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Mom’s Touch: Easing Their Children’s Anxieties

Dealing with and soothing a child’s concerns and anxieties is one of the most delicate parts of motherhood. Children’s  anxieties are a normal part of their developing process; thus, a mother’s care is essential in offering support and direction. This article offers useful advice for mothers on how to handle and ease their children’s anxieties while building emotional resilience.

Even though they are temporary, a children’s anxieties can have a significant impact on their view of the world and sense of security. As a mother, you will need empathy, compassion, and leadership to deal with these complex emotions. The primary role of a mother in recognizing, understanding, and treating her child’s anxieties will be discussed in this article. 

1. Understanding Fears and Anxieties in Children

Children's Anxieties

Before looking into strategies, it is essential to understand the nature of fears and anxieties in children. These emotions are a natural response to various stimuli and developmental milestones. While some level of fear is average, mothers must notice when these feelings become overwhelming and interfere with a child’s daily life.

2. Creating a Safe and Comforting Environment

a. Establish Trust: 

Building a solid foundation of trust is essential. Children should feel secure approaching their mothers with their fears and anxieties without fear of judgment. This trust forms the basis for open communication.

b. Model Calmness: 

Child and mother doing yoga

Mothers serve as role models for their children. When faced with challenges or uncertainties, showing calmness can help children learn how to manage their emotions effectively. 

3. Initiating Conversations

a. Encourage Expression: 

Create an environment where your child feels comfortable expressing their fears and anxieties. Encourage them to use words to describe their feelings, even if they seem irrational.

b. Active Listening: 

mother coping with children's anxiety

When your child opens up, listen actively. Provide your full attention, make eye contact, and ask clarifying questions to ensure you understand their concerns.

4. Validating Emotions

a. Normalise Feelings: 

Let your child know that feeling fear and anxiety is okay. Normalise these emotions by explaining that everyone experiences them at some point.

b. Empathy: 

mother working on children's anxieties

Show empathy and understanding. You can say things like, “I understand why that might be scary for you,” or “It is natural to feel anxious sometimes.”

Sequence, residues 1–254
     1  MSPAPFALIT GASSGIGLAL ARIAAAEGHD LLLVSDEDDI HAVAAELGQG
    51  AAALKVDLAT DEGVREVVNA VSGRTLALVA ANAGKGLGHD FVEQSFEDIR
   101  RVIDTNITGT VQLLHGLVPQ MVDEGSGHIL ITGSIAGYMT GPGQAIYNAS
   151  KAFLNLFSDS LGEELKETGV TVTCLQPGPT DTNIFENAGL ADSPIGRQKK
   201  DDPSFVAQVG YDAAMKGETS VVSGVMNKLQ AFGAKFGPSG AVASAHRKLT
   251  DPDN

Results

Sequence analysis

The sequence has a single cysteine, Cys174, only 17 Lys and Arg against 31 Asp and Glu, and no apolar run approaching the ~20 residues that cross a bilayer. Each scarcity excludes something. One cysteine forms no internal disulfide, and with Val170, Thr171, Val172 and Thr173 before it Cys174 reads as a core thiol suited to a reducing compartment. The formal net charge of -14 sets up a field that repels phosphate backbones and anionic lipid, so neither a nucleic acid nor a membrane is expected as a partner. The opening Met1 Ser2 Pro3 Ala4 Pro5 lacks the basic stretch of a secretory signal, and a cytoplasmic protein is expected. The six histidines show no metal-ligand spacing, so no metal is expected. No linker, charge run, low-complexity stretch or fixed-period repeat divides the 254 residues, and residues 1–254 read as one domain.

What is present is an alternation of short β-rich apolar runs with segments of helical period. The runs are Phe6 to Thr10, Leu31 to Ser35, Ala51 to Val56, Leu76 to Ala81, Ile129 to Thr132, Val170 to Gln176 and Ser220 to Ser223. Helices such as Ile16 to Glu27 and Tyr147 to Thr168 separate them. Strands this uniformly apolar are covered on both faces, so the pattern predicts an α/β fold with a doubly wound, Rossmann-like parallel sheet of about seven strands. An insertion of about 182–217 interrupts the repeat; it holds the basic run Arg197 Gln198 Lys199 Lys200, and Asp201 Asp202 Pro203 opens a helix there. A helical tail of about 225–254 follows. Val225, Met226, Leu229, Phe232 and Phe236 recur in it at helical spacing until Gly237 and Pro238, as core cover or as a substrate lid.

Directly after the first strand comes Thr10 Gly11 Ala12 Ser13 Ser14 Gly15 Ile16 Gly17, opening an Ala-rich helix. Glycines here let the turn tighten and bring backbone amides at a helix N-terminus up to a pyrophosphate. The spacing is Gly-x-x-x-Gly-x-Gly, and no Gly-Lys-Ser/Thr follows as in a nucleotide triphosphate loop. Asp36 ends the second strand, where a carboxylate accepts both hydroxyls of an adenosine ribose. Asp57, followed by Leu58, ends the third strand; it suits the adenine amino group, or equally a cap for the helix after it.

5. Offering Reassurance

a. Provide Information: 

Sometimes, fears arise from a lack of understanding. Offer age-appropriate information that can help your child make sense of their worries. Knowledge can be empowering.

b. Physical Comfort: 

Children's Anxieties

A mother’s hug and presence can be incredibly reassuring. When you hold your scared child, it can give them a sense of safety.

6. Empowering Coping Strategies

a. Deep Breathing Exercises: 

Teach your child deep breathing exercises to manage anxiety. This simple technique can help them calm down when they are feeling overwhelmed.

b. Positive Visualisation: 

Mother and daughter talking

Encourage your child to imagine a safe and happy place when anxious. This visualisation technique can help them relax.

7. Facing Specific Fears

a. Gradual Exposure: 

Consider gradual exposure if your child has a specific fear of the dark or animals. Slowly introduce them to the feared object or situation in a controlled and supportive manner.

b. Positive Associations: 

child biting a cold compress cloth

Help your child build positive associations with things that scare them. For instance, if they fear thunderstorms, create a fun tradition around rainy days.

8. Limit Exposure to Stressors

a. Monitor Media Consumption: 

Be mindful of what your child watches on television or online. Some content can trigger anxiety in young minds.

b. Stick to Routine:

mother dealing with children's anxieties

Maintaining a consistent daily routine can provide a sense of security for children. Predictable schedules help reduce anxiety.

9. Professional Guidance

a. Recognize When Help is Needed: 

While most fears and anxieties in children are normal and temporary, some may continue and interfere with daily life. Recognise when it is time to seek professional help.

b. Therapy and Counseling: 


Child therapists and counsellors specialise in helping with children’s anxieties. Do not hesitate to consult a professional if necessary.

A mother’s role in nurturing children through their fears and anxieties is important. Mothers can help their children develop emotional resilience by creating a safe and comforting environment. They can also achieve this by initiating open conversations and validating emotions. Empowering coping strategies and addressing specific fears with care and patience further support a child’s emotional growth. By following these strategies and seeking professional guidance, you become a guiding light in your children’s lives. This will also brighten the path to emotional well-being and confidence in life’s uncertainties for both the child and you.

This article is approved by Dr. Shobha Gupta Medical Director,  Gynecologist and IVF Specialist from Mother’s Lap IVF Centre.

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